When Samsung unveiled the Fold3 and Flip3 earlier this month, it did something a little different with their software. Because One UI 4 is right around the corner, Samsung scrapped the 3.5 update and released the new foldables with an incremental 3.1.1 version instead. Because most of the new features are specifically for foldables, many wondered if existing phones would get the update or skip straight to One UI 4.0. Now we have our answer, as the Galaxy S21 series is being updated with some improvements from 3.1.1, even without formally graduating to 3.1.1.
Samsung has had an ad problem for a while now, much to the dismay of users. When you're spending up to $1800 on a flagship device, seeing ads anywhere in stock apps or your notification shade is unacceptable. Thankfully, this could soon change.
Samsung has steadily been improving its software update speed over the last few years. Security patches are already impeccable, but major Android updates are still two or three months behind Google. In June, there was a rumor that Samsung would be releasing One UI 4 based on Android 12 earlier than in recent years. That seems to be the case, as one of the community managers accidentally announced the beta early before swiftly deleting the post.
Back in 2017, the Galaxy S8 represented a big step in the evolution of Samsung's flagship S line-up, removing the home button and igniting the war on display bezels in the process. Four years later, it's still a great-looking phone, but it's sadly reached the end of the line when it comes to updates — Samsung has ended software support for both the S8 and S8+, as well as moving other older devices to a less regular update cycle, and adding new phones to the schedule.
SoundAssistant has improved a lot this year, with new features like Bluetooth Metronome making it an even more valuable part of the Good Locks suite. The module is getting even better now, with tighter Theme Park integration and plenty of new customization options.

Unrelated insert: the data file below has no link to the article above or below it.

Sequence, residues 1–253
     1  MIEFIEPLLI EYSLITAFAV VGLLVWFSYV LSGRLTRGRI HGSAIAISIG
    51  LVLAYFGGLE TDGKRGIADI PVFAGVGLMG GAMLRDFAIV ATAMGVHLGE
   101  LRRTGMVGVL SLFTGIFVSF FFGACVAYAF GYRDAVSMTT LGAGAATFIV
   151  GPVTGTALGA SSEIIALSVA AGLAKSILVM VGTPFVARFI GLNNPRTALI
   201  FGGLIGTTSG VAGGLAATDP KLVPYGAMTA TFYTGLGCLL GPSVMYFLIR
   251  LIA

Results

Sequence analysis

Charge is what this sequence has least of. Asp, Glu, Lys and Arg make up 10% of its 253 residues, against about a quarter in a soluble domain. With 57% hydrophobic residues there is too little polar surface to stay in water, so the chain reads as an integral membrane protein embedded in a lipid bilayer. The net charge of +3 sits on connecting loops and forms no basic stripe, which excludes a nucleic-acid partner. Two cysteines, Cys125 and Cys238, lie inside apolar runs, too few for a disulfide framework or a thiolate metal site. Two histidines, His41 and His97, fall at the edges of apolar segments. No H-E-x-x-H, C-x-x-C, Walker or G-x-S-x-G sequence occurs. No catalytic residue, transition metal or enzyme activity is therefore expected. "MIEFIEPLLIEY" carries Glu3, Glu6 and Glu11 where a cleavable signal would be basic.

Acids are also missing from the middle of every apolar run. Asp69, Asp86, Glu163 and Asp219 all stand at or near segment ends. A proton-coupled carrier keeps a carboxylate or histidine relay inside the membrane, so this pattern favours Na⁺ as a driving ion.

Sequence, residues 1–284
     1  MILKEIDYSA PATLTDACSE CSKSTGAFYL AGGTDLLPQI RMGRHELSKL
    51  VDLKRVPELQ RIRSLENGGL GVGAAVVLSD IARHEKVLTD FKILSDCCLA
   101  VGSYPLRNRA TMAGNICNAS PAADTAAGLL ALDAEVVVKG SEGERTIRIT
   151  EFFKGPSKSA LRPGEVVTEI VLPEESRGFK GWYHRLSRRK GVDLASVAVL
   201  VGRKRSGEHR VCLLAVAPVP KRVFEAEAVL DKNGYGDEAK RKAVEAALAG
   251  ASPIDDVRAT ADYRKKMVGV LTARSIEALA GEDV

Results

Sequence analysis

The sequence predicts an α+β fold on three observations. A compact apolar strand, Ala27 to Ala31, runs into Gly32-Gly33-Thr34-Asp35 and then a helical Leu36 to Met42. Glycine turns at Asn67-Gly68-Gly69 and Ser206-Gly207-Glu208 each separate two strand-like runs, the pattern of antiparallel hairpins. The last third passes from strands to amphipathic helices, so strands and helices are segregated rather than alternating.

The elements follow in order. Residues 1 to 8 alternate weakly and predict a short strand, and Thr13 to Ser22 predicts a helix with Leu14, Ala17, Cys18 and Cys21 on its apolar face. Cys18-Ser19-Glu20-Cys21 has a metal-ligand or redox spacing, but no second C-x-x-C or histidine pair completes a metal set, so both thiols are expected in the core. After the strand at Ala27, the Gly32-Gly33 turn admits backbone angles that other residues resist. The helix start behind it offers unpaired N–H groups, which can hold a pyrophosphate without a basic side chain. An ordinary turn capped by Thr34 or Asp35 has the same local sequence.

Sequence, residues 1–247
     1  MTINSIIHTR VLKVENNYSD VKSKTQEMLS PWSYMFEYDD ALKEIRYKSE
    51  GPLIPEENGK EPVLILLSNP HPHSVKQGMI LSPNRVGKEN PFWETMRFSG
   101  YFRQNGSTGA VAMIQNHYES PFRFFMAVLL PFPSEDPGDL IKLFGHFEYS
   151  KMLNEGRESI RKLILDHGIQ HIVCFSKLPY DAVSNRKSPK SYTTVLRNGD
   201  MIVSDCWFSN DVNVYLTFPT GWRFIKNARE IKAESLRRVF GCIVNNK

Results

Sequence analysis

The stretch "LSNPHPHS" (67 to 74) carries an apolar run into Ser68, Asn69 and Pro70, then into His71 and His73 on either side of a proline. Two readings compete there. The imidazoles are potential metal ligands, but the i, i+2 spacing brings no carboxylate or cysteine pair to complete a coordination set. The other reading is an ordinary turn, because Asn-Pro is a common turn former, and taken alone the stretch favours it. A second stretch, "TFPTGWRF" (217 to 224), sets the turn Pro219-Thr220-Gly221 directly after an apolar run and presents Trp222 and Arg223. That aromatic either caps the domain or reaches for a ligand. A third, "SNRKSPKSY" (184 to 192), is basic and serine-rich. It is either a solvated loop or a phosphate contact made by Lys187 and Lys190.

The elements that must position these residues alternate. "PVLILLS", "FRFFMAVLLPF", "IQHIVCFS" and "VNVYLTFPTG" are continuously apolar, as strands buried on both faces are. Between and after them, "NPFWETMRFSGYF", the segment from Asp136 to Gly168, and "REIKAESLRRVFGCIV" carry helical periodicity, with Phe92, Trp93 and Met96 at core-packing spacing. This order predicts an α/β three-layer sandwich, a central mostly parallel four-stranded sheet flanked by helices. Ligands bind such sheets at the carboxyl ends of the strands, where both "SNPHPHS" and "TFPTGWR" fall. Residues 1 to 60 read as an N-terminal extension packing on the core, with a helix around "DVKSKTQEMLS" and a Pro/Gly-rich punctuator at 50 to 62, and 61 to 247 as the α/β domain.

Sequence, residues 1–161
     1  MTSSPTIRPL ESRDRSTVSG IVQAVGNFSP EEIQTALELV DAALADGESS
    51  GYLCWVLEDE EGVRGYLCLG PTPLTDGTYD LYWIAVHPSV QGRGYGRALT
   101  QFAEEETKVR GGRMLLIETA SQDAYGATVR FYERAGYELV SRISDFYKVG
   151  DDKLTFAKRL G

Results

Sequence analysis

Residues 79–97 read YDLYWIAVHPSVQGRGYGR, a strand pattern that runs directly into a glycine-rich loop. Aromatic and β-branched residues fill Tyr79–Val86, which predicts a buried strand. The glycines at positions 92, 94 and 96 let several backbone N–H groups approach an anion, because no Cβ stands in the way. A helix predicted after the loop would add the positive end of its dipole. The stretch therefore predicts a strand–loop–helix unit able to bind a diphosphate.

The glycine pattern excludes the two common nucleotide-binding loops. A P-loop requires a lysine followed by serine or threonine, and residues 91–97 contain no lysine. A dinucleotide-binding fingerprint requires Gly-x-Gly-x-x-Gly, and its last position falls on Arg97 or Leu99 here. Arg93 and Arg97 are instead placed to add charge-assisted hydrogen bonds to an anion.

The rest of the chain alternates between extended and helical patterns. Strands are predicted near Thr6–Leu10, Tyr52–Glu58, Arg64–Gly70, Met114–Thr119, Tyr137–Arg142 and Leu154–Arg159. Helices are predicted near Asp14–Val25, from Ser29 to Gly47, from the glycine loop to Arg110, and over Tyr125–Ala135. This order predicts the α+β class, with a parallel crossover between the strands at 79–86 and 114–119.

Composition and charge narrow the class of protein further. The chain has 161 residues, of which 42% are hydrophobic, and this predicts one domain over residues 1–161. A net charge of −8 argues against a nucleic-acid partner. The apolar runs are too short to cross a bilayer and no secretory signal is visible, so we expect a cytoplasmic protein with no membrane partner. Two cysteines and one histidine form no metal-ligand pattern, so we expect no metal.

Samsung has continued to improve its update speed every year since One UI first debuted, and the way it rapidly releases security patches each month is the standard by which all other (non-Google) Android manufacturers are judged. There's still room for more improvement, though, like with the way the S20 had to wait until December 2020 for its Android 11 update. According to some recent rumors, Samsung might be gearing up to release the next big Android version faster than ever.
At a digital Mobile World Congress event today, Samsung is showing off its designs for a new generation of Galaxy wearables. But it's sticking to the One UI software side of things, declining to debut new wearable hardware, or even talk very much about that new combined Wear OS platform that it will be running on. It's a bit of a downer after those recent leaks of a next-gen Galaxy Watch 4 from last week.
This story was originally published and last updated .
Every year there seems to be plenty of articles discussing how to make your new Samsung phone feel like a Pixel. Last year I even wrote one for those of you who do want a Pixel-like experience. I don't necessarily think it's a good idea, however — if you want your phone to be like a Pixel, you should have bought a Pixel in the first place. It also gives the impression that One UI is terrible, or at least worse than stock Android. While some might agree with that, I certainly don't. In my opinion, One UI is the best flavor of Android out there, and it has lots of features and tricks that deserve more attention.
I used Google devices exclusively for years. At the time, I loved my Nexus 6, Nexus 6P, the first two generations of the Pixel (XL versions), the Nexus 9 and Pixel C tablets, and even the Pixelbook. But after a few weeks with the Pixel 3 XL, I had to face a truth that I'd been trying to deny: Google hardware makes too many compromises. I went through at least three of each Pixel, all replaced on warranty for one reason or another. And the 3 XL wasn't faring any better in the software department, with the music app constantly being pushed out of memory and the camera failing to save many of the pictures and videos that I took.
The Galaxy S21 series surprised many of us when it came with Google Messages as the default SMS app rather than Samsung's own. Google even made some changes to make the app fit in, altering the color palette to match Samsung Messages and adding support (finally!) for Galaxy Watches. Google has taken this one step further this week, completely redesigning Messages to match One UI's aesthetic.